Weatherstripping comes in many forms, such as felt, open-cell foam, vinyl and metal, and each has a specified purpose. The Department of Energy has compiled the following information about different types of weatherstripping and their characteristics.


 Weatherstripping  Uses  Pros  Cons
 Tension seal:
Self-stick plastic (vinyl) folded along length in a V-shape or a springy bronze strip (also copper, aluminum, and stainless steel) shaped to bridge a gap. The shape of the material creates a seal by pressing against the sides of a crack to block drafts.
 Inside the track of a double-hung or sliding window, top and sides of door.  Durable. Invisible when in place. Very effective. Vinyl is fairly easy to install. Look of bronze works well for older homes.  Surfaces must be flat and smooth for vinyl. Can be difficult to install, as corners must be snug. Bronze must be nailed in place (every three inches or so) so as not to bend or wrinkle. Can increase resistance in opening/closing doors or windows. Self-adhesive vinyl available. Some manufacturers include extra strip for door striker plate.
 Felt:
Plain or reinforced with a flexible metal strip; sold in rolls. Must be stapled, glued, or tacked into place. Seals best if staples are parallel to length of the strip.
 Around a door or window (reinforced felt); fitted into a door jamb so the door presses against it.  Easy to install, inexpensive.  Low durability; least effective preventing airflow. Do not use where exposed to moisture or where there is friction or abrasion. All-wool felt is more durable and more expensive. Very visible.
 Reinforced foam:
Closed-cell foam attached to wood or metal strips.
 Door or window stops; bottom or top of window sash; bottom of door.  Closed-cell foam an effective sealer; scored well in wind tests. Rigid.  Can be difficult to install; must be sawed, nailed, and painted. Very visible. Manufacturing process produces greenhouse gas emissions.
 Tape:
Nonporous, closed-cell foam, open-cell foam, or EDPM (Ethylene Propylene Diene Monomer) rubber.
 Top and bottom of window sash; door frames; attic hatches and inoperable windows. Good for blocking corners and irregular cracks.  Extremely easy to install. Works well when compressed. Inexpensive. Can be reinforced with staples.  Durability varies with material used, but not especially high for all; use where little wear is expected; visible.
 Rolled or reinforced vinyl:
Pliable or rigid strip gasket (attached to wood or metal strips.)
 Door or window stops; top or bottom of window sash; bottom of a door (rigid strip only).  Easy installation. Low to moderate cost. Self-adhesive on pliable vinyl may not adhere to metal; some types of rigid strip gaskets provide slot holes to adjust height, increasing durability. Comes in varying colors to help with visibility.  Visible.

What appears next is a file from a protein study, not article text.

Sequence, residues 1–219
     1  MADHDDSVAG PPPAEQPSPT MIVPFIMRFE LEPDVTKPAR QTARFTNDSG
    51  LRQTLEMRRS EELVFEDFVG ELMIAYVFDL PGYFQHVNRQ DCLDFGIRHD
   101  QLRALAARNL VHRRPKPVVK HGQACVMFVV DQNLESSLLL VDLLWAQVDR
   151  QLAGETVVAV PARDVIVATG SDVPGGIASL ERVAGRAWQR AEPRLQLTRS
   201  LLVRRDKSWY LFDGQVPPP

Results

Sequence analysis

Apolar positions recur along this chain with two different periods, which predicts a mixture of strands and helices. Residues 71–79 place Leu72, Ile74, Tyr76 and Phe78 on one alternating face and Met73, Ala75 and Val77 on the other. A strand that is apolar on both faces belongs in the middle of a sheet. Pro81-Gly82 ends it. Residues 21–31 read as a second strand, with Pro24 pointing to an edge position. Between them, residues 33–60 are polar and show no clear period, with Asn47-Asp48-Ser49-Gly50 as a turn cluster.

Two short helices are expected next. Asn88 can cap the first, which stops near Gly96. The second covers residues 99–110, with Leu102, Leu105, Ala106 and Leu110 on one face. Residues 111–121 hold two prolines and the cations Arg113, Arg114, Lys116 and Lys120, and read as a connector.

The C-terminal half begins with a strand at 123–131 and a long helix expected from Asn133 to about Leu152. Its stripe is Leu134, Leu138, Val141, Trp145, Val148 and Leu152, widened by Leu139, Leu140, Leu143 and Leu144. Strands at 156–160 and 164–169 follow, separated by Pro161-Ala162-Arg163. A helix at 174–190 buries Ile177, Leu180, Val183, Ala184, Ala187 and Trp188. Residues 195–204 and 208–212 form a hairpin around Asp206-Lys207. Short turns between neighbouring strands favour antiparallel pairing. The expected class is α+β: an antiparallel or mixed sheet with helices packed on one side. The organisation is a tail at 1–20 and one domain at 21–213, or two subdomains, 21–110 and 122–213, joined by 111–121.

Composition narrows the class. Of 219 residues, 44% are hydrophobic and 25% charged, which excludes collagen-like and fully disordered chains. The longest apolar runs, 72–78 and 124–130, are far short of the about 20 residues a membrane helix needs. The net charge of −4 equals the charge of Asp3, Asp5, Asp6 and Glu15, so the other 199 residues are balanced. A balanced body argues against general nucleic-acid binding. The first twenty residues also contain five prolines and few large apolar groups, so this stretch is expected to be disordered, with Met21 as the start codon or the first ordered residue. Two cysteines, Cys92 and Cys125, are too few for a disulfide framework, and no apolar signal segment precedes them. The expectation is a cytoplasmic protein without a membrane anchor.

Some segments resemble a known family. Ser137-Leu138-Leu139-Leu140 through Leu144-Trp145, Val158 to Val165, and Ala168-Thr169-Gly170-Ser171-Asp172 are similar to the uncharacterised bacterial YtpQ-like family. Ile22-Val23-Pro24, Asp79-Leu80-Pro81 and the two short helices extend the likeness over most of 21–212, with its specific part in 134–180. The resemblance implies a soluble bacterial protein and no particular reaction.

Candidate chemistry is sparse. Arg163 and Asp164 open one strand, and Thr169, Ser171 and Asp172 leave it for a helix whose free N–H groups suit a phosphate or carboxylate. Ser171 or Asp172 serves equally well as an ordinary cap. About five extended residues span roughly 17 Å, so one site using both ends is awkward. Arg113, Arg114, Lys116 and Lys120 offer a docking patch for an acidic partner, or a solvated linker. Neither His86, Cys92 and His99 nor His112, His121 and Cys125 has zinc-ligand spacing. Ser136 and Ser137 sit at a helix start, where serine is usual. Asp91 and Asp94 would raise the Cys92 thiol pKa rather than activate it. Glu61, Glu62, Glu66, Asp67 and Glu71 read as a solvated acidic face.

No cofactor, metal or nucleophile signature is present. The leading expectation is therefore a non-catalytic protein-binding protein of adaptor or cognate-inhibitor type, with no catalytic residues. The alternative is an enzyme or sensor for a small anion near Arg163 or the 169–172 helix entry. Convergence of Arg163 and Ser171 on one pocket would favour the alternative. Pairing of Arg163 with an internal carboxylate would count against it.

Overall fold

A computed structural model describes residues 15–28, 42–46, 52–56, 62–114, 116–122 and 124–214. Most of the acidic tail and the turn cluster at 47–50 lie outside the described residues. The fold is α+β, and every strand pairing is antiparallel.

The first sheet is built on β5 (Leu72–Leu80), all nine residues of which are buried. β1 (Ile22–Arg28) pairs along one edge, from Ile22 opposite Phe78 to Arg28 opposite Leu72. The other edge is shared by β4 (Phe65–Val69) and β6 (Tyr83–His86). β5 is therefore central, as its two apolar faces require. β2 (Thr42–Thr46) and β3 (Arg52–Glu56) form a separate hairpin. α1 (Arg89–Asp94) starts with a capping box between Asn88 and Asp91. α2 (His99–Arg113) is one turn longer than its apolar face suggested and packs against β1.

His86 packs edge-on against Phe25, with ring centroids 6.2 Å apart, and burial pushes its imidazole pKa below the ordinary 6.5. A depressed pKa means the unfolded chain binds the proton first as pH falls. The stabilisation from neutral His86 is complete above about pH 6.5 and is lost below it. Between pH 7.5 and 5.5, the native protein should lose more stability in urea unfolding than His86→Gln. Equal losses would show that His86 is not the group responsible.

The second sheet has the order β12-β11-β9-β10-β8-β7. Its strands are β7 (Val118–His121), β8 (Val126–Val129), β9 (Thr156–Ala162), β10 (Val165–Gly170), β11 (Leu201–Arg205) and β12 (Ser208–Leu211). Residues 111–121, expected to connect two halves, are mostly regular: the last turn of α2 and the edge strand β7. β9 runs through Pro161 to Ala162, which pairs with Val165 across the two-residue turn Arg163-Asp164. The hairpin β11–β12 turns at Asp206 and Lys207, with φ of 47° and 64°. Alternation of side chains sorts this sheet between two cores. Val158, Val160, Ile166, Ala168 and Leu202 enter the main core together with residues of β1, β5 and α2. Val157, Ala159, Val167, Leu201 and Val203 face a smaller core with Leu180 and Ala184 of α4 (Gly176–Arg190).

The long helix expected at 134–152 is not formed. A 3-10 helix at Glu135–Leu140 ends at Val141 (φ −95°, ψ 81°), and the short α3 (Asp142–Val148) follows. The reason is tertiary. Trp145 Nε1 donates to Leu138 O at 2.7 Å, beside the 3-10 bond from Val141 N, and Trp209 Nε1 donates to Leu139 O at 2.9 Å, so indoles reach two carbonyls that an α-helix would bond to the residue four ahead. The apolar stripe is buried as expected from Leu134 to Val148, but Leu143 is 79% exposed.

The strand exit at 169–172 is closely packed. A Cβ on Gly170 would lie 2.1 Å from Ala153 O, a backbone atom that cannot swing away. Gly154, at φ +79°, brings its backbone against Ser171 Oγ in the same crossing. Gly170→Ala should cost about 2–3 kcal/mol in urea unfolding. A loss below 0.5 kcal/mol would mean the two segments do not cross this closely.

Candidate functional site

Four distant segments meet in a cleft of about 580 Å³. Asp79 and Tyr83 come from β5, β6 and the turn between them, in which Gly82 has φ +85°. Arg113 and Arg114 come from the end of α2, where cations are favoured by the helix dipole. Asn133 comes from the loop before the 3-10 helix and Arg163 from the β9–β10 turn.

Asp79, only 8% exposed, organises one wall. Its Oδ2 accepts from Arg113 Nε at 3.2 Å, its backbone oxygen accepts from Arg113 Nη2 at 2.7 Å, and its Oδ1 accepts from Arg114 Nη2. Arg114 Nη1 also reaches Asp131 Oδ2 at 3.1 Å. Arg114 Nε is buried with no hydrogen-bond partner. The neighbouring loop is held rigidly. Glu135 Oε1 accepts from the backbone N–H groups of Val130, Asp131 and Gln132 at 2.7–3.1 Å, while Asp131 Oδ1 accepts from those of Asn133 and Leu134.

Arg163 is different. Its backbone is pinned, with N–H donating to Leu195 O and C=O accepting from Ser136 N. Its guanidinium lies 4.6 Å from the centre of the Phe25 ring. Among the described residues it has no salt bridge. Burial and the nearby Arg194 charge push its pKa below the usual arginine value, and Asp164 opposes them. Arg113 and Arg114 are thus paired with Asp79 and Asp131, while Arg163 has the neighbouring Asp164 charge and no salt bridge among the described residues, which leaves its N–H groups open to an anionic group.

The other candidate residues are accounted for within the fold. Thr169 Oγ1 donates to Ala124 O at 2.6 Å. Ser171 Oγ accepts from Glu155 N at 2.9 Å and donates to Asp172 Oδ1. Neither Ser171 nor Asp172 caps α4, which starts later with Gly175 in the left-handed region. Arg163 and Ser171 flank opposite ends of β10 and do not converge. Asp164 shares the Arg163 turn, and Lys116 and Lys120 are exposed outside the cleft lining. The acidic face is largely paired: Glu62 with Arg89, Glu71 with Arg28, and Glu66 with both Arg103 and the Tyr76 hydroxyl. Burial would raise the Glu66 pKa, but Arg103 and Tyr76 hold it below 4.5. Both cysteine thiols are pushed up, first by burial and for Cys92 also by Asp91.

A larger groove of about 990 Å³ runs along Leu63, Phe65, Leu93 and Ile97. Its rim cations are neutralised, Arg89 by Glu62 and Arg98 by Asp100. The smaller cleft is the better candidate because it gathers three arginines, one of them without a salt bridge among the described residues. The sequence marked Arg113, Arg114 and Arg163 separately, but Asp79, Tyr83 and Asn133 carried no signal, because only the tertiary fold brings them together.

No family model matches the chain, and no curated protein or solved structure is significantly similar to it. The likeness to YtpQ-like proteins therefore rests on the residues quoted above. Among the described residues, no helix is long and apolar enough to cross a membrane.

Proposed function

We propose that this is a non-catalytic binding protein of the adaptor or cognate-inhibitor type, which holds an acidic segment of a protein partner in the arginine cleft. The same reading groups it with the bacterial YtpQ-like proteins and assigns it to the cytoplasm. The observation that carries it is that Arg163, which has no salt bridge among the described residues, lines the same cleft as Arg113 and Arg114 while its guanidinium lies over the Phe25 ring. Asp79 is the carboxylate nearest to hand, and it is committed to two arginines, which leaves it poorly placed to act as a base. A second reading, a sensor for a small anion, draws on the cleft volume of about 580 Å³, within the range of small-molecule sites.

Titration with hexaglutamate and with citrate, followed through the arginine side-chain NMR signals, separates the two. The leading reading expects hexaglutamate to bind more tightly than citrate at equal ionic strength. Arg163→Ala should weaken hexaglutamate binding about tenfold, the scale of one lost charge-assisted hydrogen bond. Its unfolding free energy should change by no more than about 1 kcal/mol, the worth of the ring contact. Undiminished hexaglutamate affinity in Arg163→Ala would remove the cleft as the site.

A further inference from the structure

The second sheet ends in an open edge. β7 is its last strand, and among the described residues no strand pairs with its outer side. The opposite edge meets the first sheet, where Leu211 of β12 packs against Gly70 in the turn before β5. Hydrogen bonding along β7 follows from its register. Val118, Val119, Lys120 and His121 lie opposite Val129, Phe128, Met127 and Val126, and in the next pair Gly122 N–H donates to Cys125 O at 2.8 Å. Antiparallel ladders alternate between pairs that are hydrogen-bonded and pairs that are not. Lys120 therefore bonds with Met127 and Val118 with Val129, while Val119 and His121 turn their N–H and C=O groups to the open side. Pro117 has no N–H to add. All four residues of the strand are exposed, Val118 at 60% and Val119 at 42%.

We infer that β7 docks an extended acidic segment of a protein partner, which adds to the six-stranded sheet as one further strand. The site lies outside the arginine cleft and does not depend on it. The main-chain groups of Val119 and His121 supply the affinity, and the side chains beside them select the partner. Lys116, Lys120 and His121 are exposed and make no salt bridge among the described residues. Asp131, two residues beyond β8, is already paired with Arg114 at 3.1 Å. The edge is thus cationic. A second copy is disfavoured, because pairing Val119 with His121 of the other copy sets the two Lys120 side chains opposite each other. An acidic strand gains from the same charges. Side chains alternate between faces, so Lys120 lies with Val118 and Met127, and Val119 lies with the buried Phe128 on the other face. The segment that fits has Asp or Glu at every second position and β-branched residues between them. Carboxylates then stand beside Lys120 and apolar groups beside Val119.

Door sweep:
Aluminum or stainless steel with brush of plastic, vinyl, sponge, or felt.
Bottom of interior side of in-swinging door; bottom of exterior side of exterior-swinging door.  Relatively easy to install; many types are adjustable for uneven threshold. Automatically retracting seeps also available, which reduce drag on carpet and increase durability.  Visible. Can drag on carpet. Automatic sweeps are more expensive and can require a small pause once door is unlatched before retracting.
 Magnetic:
Works similarly to refrigerator gaskets.
 Top and sides of doors, double-hung and sliding window channels.  Very effective air sealer.  
 Tubular rubber and vinyl:
Vinyl or sponge rubber tubes with a flange along length to staple or tack into place. Door or window presses against them to form a seal.
 Around a door.  Effective air barrier.  Self-stick versions challenging to install.
 Reinforced silicone:
Tubular gasket attached to a metal strip that resembles reinforced tubular vinyl
 On a doorjamb or a window stop.  Seals well.  Installation can be tricky. Hacksaw required to cut metal; butting corners pose a challenge.
 Door shoe:
Aluminum face attachment with vinyl C-shaped insert to protect under the door.
 To seal space beneath door.  On the exterior, product sheds rain. Durable. Can be used with uneven opening. Some door shoes have replaceable vinyl inserts.  Fairly expensive; installation moderately difficult. Door bottom planning possibly required.
 Bulb threshold:
Vinyl and aluminum
 Door thresholds  Combination threshold and weatherstrip; available in different heights.  Wears from foot traffic; relatively expensive.
 "Frost-brake" threshold: Aluminum or other metal on exterior, wood on interior, with door-bottom seam and vinyl threshold replacement.
 To seal beneath a door.  The use of different materials means less cold transfer. Effective.  Moderately difficult to install, involves threshold replacement.
 Fin seal:
Pile weatherstrip with plastic Mylar fin centered in pile.
 For aluminum sliding windows and sliding glass doors.  Very durable.  Can be difficult to install.
 Interlocking metal channels:
Enables sash to engage one another when closed
 Around door perimeters.  Exceptional weather seal.  Very difficult to install as alignment is critical. To be installed by a professional only.